The glomerular capillary endothelium is highly specialized to support the selective filtration of massive volumes of plasma. Filtration is driven by Starling forces acting across the glomerular capillary wall, and depends on its large surface area and extremely high water permeability. Glomerular endothelial cells are extremely flat and perforated by dense arrays of trans-cellular pores, the fenestrae. This phenotype is critical for the high glomerular water permeability and depends on podocyte-derived VEGF, as well as TGF-beta. Endothelial cell-derived PDGFB, in turn, is necessary for the establishment of mesangial cells, which sculpt the glomerular loop structure that underlies the large filtration surface area. In pre-eclampsia, inhibition of the VEGF- and TGF-beta signaling pathways leads to endothelial swelling and loss of fenestrae, reducing the glomerular filtration rate. Similarly, in the thrombotic microangiopathies, glomerular endothelial cell injury coupled with inappropriate VWF activation leads to intracapillary platelet aggregation and loss of the flat, fenestrated phenotype, thus reducing the glomerular filtration rate. Normally, a remarkably small fraction of albumin and other large plasma proteins passes across the glomerular capillary wall despite the massive filtration of water and small solutes. An elaborate glycocalyx, which covers glomerular endothelial cells and their fenestrae forms an impressive barrier that, together with other components of the glomerular capillary wall, prevents loss of plasma proteins into the urine. Indeed, microalbuminuria is a marker for endothelial glycocalyx disruption, and most forms of glomerular endothelial cell injury including pre-eclampsia and thrombotic microangiopaties can cause proteinuria.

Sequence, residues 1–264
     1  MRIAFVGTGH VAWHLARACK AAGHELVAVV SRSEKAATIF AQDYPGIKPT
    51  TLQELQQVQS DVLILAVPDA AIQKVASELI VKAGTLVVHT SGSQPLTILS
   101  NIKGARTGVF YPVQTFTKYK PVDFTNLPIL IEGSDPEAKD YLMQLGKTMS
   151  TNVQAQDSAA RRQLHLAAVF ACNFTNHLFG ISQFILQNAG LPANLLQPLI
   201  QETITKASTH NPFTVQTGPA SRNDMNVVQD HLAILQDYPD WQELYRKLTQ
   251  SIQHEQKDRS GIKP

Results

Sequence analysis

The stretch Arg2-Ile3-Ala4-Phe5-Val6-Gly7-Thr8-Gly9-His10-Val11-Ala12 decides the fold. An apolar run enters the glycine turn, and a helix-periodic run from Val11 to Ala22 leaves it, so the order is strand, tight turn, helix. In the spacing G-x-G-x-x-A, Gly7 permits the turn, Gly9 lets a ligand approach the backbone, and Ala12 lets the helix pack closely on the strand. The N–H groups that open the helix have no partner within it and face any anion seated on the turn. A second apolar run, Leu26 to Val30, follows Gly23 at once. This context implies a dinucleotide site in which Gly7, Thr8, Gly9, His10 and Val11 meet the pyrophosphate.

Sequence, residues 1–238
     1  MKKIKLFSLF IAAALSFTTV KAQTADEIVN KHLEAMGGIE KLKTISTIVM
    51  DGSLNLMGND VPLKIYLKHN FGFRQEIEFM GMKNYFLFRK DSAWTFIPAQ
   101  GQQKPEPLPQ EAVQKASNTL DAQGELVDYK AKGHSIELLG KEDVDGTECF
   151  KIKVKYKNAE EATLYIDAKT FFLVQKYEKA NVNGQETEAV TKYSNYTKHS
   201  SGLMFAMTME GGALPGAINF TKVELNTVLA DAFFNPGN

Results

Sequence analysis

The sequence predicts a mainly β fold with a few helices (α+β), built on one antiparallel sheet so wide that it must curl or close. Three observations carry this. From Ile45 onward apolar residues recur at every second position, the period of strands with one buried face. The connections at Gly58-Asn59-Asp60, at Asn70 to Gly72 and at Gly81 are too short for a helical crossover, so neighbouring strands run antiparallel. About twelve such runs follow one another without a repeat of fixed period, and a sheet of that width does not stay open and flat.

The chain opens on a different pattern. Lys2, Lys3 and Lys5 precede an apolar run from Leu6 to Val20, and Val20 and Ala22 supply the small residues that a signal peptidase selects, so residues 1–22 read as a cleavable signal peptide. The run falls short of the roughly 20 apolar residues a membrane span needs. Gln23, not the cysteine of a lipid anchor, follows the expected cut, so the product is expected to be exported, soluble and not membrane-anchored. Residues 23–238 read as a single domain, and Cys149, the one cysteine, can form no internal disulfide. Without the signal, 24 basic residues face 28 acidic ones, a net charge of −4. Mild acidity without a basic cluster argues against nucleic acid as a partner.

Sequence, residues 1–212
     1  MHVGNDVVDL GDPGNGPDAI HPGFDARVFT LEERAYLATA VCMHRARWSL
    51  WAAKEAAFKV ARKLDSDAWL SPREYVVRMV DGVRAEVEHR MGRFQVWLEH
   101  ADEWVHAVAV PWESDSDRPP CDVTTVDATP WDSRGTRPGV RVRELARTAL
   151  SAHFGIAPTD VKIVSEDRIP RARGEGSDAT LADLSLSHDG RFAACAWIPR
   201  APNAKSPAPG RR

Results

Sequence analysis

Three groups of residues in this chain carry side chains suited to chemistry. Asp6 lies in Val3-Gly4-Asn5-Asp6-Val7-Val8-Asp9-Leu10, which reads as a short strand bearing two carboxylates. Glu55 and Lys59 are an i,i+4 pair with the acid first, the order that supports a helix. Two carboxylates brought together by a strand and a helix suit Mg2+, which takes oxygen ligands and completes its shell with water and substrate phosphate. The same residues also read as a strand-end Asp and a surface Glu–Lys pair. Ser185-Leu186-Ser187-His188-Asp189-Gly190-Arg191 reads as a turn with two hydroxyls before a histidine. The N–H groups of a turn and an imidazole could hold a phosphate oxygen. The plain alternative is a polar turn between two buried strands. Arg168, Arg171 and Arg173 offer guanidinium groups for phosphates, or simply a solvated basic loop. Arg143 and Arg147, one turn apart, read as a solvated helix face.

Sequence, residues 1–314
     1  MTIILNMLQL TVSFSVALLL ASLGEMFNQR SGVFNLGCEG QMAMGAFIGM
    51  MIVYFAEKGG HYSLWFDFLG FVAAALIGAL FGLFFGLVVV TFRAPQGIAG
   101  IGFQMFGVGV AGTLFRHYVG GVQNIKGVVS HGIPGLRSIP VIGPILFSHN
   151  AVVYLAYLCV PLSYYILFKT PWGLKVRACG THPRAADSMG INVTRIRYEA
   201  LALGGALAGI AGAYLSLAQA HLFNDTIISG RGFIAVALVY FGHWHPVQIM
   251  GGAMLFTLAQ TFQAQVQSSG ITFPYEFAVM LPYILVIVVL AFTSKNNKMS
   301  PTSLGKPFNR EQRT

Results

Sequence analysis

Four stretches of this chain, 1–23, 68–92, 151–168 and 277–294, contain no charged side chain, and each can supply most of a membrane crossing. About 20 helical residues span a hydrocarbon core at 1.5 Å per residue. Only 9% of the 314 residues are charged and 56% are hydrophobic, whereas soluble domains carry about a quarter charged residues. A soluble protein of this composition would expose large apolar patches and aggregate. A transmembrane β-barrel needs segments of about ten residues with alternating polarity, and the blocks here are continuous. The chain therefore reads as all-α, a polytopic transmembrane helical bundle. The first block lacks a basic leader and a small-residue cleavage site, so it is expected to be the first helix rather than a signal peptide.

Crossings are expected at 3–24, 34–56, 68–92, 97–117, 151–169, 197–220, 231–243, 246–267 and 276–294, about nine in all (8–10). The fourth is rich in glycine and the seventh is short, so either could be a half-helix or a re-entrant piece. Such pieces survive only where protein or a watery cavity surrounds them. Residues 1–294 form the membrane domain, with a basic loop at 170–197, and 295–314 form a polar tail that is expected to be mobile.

Copyright © 2012 Elsevier Inc. All rights reserved.